On Voice Power

Day 192 Week 28 Q3 Wednesday, July 12, 2023

On Voice Power

Have you ever noticed that music with vocals was much more popular than instrumental music?  Instrumental music is abstract and vocal pieces generally have lyrics that tell a somewhat literal concrete story. Also, it is a lot easier to identify a person’s voice than, for example, a piano player’s piano playing. Most musicians do not believe they can sing and have been one of them for many decades, assuming that the best an instrumentalist could be is a sideman or side-woman. Of course, there were a handful of exceptions, but statistically, the expressiveness and flexibility of the human voice simply outperform all other instruments.

The bottom line is you are far more employable if you sing than if you do not. And the key issue between singing and not singing appears to be psychological, not physiological. This means most people can sing. But as in many other things in life, you have to believe it for it to be so. Somewhat amazingly, it took me many years to sing even though over time I had received some positive feedback, the negative thoughts I had regarding me singing as a child younger than ten years old somehow persisted for decades.

I had no fear of giving a speech in front of hundreds of people, but was terrified and sometimes still am to sing in front of a single person. For some crazy reason, I felt more confident delivering information than I felt hitting a note accurately. Now entering my eighth decade, I have somehow become capable of being a lead vocalist, to my utter amazement and delight. And somehow, this ripples through my entire musical being in surprising ways.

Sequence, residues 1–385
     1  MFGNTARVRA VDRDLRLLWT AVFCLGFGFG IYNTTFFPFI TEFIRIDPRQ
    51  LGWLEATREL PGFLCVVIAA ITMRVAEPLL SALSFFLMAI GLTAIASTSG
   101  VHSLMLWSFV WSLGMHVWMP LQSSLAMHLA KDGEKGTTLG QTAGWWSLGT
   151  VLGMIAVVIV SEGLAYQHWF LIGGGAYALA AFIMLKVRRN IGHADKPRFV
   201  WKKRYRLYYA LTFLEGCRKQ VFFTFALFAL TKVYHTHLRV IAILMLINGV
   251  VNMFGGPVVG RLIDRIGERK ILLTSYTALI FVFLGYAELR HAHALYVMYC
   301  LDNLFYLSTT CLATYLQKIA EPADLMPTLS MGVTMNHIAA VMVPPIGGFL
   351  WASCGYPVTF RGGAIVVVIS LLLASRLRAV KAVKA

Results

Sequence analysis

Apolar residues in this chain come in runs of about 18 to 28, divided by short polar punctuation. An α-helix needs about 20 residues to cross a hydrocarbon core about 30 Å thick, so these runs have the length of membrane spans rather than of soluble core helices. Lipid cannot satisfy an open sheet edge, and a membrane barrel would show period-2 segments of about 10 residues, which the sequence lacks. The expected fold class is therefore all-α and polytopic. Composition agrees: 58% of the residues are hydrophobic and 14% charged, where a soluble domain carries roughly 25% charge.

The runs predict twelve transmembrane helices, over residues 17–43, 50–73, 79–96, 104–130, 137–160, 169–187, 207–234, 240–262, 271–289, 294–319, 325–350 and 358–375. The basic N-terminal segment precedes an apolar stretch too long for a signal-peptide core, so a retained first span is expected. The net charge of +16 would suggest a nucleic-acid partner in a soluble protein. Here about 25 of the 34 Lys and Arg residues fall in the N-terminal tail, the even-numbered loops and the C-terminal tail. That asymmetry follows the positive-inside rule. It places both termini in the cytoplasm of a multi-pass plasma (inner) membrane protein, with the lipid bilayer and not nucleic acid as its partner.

It has made more genres of music and simpler music forms seem appealing to me. It has tremendously reduced the instrumental demands to be a virtuoso. It has reduced the tempos and gymnastic complexity I perform at. And it has removed any hesitation regarding being a bandleader. It has made far easier the ability to communicate musical ideas to an ensemble by providing a rapid example.

It has also reminded me that the power of the voice and the tone of voice can also impact leadership in nonmusical situations. This newfound ability increases my sense of personal power and meaning, and I was certainly not a shy thinking violet before.

The fact that holding a single note for several beats can have more impact than playing thirty in the same time period is a mind-boggling metaphor for life. It is akin to exchanging the power, complexity and density of the city for the unhurried down-to-earth naturalness of the country.

This relatively simple physiological behavior transforms a plethora of psychological feelings and conclusions in a way that can only be described as magical.  I wonder what else we can do that we do not believe we can do?